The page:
As more micromobility operators transition from non-swappable to swappable battery fleets, they must navigate an increasingly complex set of operational decisions in the pursuit of positive unit economics. Managed correctly, swappable fleets are more operationally efficient than non-swappable fleets and will have an outsized impact on the sustainability of the micromobility industry. When they are managed poorly, however, swappable fleets increase both operational complexity and costs.
The best operational teams go through a mindset shift when switching from non-swappable to swappable vehicles. The minimum interventions related to batteries, maintenance, and regulatory or city complaints are not sufficient to achieve positive unit economics. In non-swappable fleets, vehicles are moved in and out of the market for charging, which means that effective deployment strategies can match supply with demand. In swappable fleets, vehicles stay on the ground longer, meaning that markets need to execute additional, elective but mission-critical interventions in order to achieve high performance. The vehicles won’t tell market managers when they should be moved. Managers must decide when to move vehicles, how many to move, which to pick up, and where to drop them off, then allocate the necessary resources to do so.
Market interventions for swappable fleets can roughly be broken down into two categories: required and voluntary interventions.
- Required interventions keep the market operating at a certain supply level. These include: swapping batteries, conducting maintenance, and adhering to local regulations. These interventions are necessary for maintaining fleet size, equity zone allocations, and vehicle availability. These costs increase with utilization.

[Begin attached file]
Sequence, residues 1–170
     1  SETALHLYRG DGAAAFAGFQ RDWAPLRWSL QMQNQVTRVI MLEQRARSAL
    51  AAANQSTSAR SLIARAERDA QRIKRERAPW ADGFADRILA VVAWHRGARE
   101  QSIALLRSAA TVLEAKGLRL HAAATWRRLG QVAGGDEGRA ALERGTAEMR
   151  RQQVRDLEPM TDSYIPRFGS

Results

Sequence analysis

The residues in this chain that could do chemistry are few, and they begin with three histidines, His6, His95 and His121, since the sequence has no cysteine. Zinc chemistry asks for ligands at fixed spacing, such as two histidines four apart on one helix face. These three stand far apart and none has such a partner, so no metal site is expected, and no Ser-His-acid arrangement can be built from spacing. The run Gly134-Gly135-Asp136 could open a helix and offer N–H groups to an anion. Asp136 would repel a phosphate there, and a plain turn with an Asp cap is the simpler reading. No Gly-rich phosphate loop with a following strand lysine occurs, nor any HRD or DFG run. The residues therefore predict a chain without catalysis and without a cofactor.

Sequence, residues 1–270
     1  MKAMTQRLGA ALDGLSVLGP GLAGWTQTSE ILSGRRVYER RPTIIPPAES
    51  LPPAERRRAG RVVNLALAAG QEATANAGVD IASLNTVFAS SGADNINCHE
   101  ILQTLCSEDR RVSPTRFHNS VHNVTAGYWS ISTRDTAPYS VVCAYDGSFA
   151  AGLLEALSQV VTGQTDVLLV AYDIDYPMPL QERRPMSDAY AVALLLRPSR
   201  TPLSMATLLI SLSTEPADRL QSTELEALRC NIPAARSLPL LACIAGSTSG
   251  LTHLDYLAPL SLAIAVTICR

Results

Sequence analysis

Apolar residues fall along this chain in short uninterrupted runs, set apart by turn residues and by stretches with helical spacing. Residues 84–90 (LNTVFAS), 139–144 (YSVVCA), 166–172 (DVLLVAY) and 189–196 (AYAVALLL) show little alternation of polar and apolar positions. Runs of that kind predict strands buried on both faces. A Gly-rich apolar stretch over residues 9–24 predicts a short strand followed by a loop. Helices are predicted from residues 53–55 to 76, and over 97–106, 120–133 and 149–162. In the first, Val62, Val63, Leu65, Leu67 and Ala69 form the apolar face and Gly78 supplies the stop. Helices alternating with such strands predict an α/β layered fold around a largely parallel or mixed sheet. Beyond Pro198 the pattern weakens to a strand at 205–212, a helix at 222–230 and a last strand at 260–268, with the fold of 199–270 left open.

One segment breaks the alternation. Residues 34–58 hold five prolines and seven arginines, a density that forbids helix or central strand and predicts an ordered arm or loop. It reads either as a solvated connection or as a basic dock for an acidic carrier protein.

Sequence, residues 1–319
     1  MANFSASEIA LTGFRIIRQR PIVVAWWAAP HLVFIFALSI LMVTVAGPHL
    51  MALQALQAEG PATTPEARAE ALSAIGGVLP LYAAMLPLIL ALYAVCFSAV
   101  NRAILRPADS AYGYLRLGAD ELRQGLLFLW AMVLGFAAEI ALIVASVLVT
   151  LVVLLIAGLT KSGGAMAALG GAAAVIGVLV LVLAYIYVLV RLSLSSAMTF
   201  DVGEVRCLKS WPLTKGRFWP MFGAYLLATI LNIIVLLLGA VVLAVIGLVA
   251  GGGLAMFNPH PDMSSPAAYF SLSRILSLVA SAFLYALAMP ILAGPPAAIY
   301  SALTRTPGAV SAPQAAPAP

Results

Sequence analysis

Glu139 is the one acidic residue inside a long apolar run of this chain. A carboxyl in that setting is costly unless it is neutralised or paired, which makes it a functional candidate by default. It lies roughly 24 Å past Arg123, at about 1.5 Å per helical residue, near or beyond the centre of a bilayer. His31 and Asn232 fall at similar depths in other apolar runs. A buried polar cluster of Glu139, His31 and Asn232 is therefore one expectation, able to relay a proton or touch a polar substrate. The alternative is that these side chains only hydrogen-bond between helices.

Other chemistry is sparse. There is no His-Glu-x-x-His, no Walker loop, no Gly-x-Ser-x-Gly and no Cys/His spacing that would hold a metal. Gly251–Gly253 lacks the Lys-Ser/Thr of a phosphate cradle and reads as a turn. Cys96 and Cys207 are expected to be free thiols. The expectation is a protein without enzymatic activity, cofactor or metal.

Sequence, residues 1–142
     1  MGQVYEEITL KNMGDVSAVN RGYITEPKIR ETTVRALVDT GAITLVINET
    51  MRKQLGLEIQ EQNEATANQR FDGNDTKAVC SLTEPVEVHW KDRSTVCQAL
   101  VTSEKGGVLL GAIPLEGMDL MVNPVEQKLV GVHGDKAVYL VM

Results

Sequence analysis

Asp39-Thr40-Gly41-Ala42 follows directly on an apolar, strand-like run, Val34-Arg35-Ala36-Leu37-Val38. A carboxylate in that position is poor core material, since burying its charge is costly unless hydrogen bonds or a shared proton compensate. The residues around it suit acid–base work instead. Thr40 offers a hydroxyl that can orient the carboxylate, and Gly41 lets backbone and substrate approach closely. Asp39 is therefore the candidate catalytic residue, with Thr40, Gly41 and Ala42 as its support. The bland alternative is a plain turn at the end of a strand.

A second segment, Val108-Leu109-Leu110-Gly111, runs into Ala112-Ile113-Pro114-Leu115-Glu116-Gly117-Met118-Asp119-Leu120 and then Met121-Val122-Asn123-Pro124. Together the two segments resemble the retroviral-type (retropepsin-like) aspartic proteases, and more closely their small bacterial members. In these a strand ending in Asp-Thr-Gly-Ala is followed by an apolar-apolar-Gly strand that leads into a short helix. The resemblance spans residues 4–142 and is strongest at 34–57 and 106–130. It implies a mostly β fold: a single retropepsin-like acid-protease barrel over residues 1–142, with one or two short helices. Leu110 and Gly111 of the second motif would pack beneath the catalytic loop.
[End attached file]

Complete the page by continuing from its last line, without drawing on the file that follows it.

- Voluntary interventions are additional tasks meant to improve market performance and include rebalancing and dynamic pricing. Given these are entirely voluntary, selecting and executing these tasks incorrectly may lead to both an increase in cost and a decrease in performance.
Choosing to forego voluntary interventions in a market entirely will lead to a degradation of performance, as my colleague Evan Fields described in a previous post about supply and demand imbalances. Luckily, the right combination of voluntary and required interventions will result in profitability at the market level. For the rest of this post, I will focus on how to manage voluntary rebalance task interventions.
Strategy 1: Combining all voluntary interventions with required interventions
Fleet managers may choose to combine all voluntary tasks with required interventions. In practice, a manager might only rebalance vehicles that require a battery swap or have a regulatory complaint. If the team only moves vehicles with a required task assigned, they can minimize their total number of vehicle visits and their costs. While they avoid significant additional costs, market performance will degrade significantly and hurt profitability. Over time, users will cause a supply and demand imbalance as there will be fewer opportunities to rebalance vehicles in a poor position.